Philippine UPR Watch assails government report at UN: “Misleading and does not reflect realities on the ground”
This was the gist of a statement issued by the Philippine UPR Watch in reaction to a report submitted by the Duterte administration for the third cycle of the United Nations’ Universal Periodic Review of Human Rights in the Philippines scheduled for May 8 in Geneva.
The report glosses over the numerous extra-judicial killings happening in various parts of the country. Both the Duterte government’s anti-illegal drug campaign and counter-insurgency programs Oplan Bayanihan under the Aquino regime and Oplan Kapayapaan under President Duterte that targets activists, human rights defenders and community leaders opposing land grabbing and anti-poor government policies have resulted in the killings, disappearances, torture, illegal arrests, among other forms of human rights abuses of thousands of individuals.
For the period under review, Philippine UPR Watch, citing data from its member organization KARAPATAN, said that there were 249 victims of extra-judicial killings, 244 victims of torture, 17 victims of enforced disappearances and 103,337 victims of forced evacuations due to military operations. “Majority of the victims are peasants, indigenous peoples opposing land grabbing and destructive operations of big mining corporations, workers fighting for their right to free association and collective bargaining, children and minors, activists and human rights defenders,” the watchdog said.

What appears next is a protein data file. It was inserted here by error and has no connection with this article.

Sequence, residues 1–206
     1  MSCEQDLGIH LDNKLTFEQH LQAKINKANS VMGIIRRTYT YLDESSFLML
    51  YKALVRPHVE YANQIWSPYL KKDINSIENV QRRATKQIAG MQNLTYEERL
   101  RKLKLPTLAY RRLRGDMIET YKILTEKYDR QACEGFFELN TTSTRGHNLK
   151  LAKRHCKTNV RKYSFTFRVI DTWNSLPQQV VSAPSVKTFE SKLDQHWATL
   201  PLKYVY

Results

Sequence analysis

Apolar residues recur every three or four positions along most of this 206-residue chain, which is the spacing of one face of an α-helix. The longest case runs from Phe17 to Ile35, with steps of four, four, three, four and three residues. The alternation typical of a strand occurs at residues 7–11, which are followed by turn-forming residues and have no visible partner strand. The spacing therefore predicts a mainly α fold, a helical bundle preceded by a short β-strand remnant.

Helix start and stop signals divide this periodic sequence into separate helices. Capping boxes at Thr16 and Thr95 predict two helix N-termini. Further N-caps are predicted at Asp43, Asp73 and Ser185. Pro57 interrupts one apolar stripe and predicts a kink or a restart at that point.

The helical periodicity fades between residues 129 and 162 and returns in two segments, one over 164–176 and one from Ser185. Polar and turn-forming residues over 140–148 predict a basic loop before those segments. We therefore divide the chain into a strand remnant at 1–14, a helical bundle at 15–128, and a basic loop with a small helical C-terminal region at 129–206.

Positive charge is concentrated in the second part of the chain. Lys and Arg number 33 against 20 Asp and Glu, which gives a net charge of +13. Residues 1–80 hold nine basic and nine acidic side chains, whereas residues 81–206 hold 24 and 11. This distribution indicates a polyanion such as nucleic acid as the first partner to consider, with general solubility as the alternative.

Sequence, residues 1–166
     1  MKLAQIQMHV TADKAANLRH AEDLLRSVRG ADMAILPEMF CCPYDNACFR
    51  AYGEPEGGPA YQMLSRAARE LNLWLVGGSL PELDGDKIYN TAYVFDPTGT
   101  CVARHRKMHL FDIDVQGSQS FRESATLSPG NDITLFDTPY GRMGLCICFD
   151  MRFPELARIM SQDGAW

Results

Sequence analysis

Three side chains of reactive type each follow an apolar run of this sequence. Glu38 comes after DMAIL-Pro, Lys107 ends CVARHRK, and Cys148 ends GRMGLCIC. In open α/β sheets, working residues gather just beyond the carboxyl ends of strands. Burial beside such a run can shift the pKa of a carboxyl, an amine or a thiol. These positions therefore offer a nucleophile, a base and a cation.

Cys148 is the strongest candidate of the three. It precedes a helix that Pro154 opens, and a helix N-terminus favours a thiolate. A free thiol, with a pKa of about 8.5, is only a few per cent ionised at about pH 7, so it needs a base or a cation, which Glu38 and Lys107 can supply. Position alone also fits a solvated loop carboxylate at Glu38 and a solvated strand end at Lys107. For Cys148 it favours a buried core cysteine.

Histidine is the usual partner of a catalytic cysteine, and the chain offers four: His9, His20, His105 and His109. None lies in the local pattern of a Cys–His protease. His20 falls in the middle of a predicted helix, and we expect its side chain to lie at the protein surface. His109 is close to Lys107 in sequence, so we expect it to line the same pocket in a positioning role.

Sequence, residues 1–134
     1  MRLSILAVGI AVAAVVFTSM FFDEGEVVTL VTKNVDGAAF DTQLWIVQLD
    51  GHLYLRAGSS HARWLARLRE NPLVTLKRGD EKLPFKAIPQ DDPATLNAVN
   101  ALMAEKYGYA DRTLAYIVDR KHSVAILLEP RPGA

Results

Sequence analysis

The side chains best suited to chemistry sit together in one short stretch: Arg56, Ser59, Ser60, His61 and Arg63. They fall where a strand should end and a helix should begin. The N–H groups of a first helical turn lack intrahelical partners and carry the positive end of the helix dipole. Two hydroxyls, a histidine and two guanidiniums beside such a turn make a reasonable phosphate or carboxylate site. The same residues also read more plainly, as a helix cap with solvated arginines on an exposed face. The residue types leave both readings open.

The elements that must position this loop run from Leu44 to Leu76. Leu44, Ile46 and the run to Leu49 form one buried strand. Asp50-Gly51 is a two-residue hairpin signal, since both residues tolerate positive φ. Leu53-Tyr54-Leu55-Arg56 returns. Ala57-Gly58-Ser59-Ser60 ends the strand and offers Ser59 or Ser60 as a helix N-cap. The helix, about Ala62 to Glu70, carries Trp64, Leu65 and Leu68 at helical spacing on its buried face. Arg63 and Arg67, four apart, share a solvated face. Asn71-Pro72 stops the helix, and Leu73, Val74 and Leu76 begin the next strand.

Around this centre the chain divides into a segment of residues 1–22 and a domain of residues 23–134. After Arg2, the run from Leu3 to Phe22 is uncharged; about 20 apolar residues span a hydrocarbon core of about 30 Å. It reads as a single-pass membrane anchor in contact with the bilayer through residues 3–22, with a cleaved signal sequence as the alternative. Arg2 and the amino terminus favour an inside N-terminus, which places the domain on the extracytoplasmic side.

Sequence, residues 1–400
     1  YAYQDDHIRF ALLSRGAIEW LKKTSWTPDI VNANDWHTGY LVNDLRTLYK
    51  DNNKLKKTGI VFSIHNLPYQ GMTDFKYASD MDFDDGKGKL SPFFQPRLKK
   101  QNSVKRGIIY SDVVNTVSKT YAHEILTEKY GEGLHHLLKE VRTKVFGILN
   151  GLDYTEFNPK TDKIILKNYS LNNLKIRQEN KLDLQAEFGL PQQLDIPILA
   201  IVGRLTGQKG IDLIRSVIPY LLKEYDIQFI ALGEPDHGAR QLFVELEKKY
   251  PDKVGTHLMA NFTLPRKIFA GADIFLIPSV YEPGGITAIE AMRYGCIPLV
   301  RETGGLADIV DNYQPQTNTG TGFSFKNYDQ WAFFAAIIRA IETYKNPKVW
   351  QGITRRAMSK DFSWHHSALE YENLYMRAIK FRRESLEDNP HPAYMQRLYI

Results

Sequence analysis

Philippine UPR Watch also criticized the government’s Ten Point Socio-economic Agenda as empty talk. “Couched in jargon that means nothing for the poor, it is but a rehash of previous governments’ adherence to neoliberal policies that emphasize privatization, deregulation and liberalization at the expense of the people’s welfare and that of our nation’s interests. “Instead of implementing a program of genuine agrarian reform and national industrialization, the past and current governments of Aquino and Duterte see the issue as a mere question of poverty alleviation, thus emphasizing dole out programs like the Conditional Cash Transfer and micro finance that barely make a dent on the scale of poverty in the country.”
Contrary to the report’s assertions, labor contractualization, along with meager wages, remains a primary issue of labor. This is even worsened by the introduction of the two-tier wage system that has the general effect of further pulling down the already meagre and regionalized wage levels.
The report likewise misleads the general public and the international community that its development plans are “gender-sensitive”. While claiming successes in the adoption of the Magna Carta on Women, there is no way to measure implementation of this law as no mechanisms exist for monitoring implementation, particularly regarding the issue of women’s rights at the workplace. As long as the general political and economic policies remain detrimental to our national interests, there can never be any real improvements in women’s lives.
Moreover, the report also misleads the public by stating that it has already released compensation for the initial 4,000 Martial law victims in March this year when in fact, it has yet to release the partial list of 311 claimants residing in Metro Manila whose applications were approved with finality only on May 8 this year. ###
Atty. Ephraim Cortez, +639175465798
Jigs Clamor, (viber)+639997721233